Many say, “God Bless America,” but the true blessings may go deeper than many realize. What is God’s prophetic purpose for guiding the rise of the United States?
Though secular historians scoff at the idea, students of the Bible recognize that God guides the course of history. Long ago, Job wrote that “He makes nations great, and destroys them; He enlarges nations, and guides them” (Job 12:23–24). The prophet Daniel records the same important message—that God “removes kings and raises up kings” and “the Most High rules in the kingdom of men, and gives it to whomever He will” (Daniel 2:21; 4:17, 25, 32; 5:21).
So, did God intervene to guide the outcome of the American Revolution? A quick survey of the facts will reveal that indeed, He did. In this brief article, we will consider just a few of His miraculous interventions—and you may want to study more of them on your own.
American General George Washington played a leading role in the American Revolution and the nation’s founding. His solid character and firm convictions were key factors in molding the nature and outlook of America. But his very survival to lead the nation was not at all assured.
In 1755, a 23-year-old Colonel Washington was one of 1,400 British troops fighting under the command of General Braddock in the French and Indian War, battling to capture Fort Duquesne, near Pittsburgh. During the battle, they were attacked by a French and Indian force. “Braddock was killed and every officer on horseback was shot, except Washington.” The young colonel later wrote to his brother, “But by the All-Powerful Dispensations of Providence, I have been protected beyond all human probability or expectation; for I had four bullets through my coat, and two horses shot under me, yet escaped unhurt, although death was leveling my companions on every side of me.” A Native American who fought in the battle later stated, “Washington was never born to be killed by a bullet! I had seventeen fair fires at him with my rifle and after all could not bring him to the ground” (Susie and William Federer, Miracles in American History, pp. 17–19).
In the summer of 1776, General Howe had a British force of more than 400 ships and 32,000 troops stationed around Staten Island in New York Harbor. General Washington gathered about 8,000 American troops at Brooklyn Heights on the western edge of Long Island. The British were able to land about 15,000 troops behind Washington’s lines and inflict heavy losses on the Americans, who were encircled with their backs to the East River.
However, the weather proved to be a deciding factor. Strong winds, an ebbing tide, and incessant rain kept the British from further attacks on the American position, and from moving their warships into the East River to cut off an escape route. Washington, realizing the danger of his position, ordered a nighttime evacuation of Long Island. That evening, at about 11:00 p.m., the wind died down and a thick fog developed, shrouding the American evacuation—and when the fog lifted later the next morning, the British were surprised to find that the American soldiers were nowhere to be found (Chris and Ted Stewart, Seven Miracles That Saved America, pp. 9–11). One American soldier wrote, “Providentially for us, a great fog arose, which prevented the enemy from seeing our retreat” (David Ludlum, The Weather Factor, pp. 36–37).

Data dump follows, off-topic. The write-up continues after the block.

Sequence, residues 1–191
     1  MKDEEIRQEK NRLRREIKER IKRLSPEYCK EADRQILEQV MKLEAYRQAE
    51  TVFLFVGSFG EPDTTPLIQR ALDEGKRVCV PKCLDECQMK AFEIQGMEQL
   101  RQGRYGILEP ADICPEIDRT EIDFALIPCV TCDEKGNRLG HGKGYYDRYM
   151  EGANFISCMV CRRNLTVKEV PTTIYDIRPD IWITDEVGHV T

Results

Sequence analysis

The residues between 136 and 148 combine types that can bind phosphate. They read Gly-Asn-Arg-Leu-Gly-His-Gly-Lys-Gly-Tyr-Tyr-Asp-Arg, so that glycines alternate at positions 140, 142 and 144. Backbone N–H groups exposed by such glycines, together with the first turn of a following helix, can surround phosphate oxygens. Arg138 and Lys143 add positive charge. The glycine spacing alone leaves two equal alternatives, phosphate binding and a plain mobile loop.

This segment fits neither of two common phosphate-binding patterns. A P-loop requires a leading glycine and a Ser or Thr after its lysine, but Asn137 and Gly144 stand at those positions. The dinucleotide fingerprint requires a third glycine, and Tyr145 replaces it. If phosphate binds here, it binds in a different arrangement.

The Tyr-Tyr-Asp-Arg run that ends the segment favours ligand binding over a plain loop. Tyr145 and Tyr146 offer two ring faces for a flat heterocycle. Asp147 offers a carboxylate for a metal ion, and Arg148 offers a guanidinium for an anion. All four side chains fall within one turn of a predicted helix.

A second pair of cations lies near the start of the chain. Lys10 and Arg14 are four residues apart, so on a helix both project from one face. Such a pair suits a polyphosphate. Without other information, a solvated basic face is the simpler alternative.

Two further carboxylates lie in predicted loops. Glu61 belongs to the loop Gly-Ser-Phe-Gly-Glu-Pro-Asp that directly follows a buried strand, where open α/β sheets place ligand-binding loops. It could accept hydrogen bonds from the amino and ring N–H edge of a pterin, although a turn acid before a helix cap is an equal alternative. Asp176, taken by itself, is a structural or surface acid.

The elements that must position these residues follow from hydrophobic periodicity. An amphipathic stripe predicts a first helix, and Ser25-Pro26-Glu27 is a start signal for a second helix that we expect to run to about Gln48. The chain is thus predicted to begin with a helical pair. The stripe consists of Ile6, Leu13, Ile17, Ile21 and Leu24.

The outcome of this battle has been described as “so astonishing that many (including General Washington) attributed the safe retreat of the American army to the hand of God” (Mark Beliles and Stephen McDowell, America’s Providential History, pp. 158–161). If the wind, rain, and the fog—termed the “heavenly messenger”—had not intervened for the Americans, they would have been captured, Washington would have been hanged, and the revolution would have come to an early end.
In December, 1776, with morale low and Washington’s army dwindled to about 2,000 at Valley Forge, Washington decided to cross the ice-filled Delaware River and launch a surprise attack on the British in Trenton, New Jersey. The Americans attacked at sunrise on December 26 during a driving snowstorm, with the wind at their backs and blowing into the faces of the mercenary Hessian troops. In less than an hour, the Americans captured nearly a thousand Hessians and lost only a few men. Artillery officer Henry Knox wrote of the victory at Trenton: “Providence seemed to have smiled on every part of this enterprise” (Beliles and McDowell, pp. 161–162).
Another crucial turning point occurred in the summer of 1777. British General John Burgoyne was marching down the Hudson River Valley from Canada with a force of 7,000 men to join General Howe, who was supposed to be marching north to Albany, New York. However, Burgoyne was stopped at Saratoga by a force of more than 15,000 Americans angered by the brutality inflicted by Burgoyne’s Native American allies. Failing to defeat the Americans, Burgoyne and his troops began a retreat, only to be caught in a rainstorm that turned the roads into a muddy bog. When the Americans crossed the Hudson River ahead of him and blocked his escape, Burgoyne and 6,000 of his troops surrendered.
General Howe never made the trip up the Hudson, as his reinforcements and supplies coming from England were delayed by contrary winds. The defeat of one of Britain’s best generals was a shock to London, but it was viewed as a “miracle” in Paris—a turning point in the Revolutionary War that brought France into the conflict on the side of the Americans (William Weir, 50 Battles that Changed the World, pp. 55–59). Washington wrote of this event, “I most devoutly congratulate my country, and every well-wisher to the cause, on this signal stroke of Providence,” and Roger Sherman, a signer of the Declaration of Independence, wrote, “This is the Lord’s doing, and marvelous in our eyes” (Federer, pp. 55–57).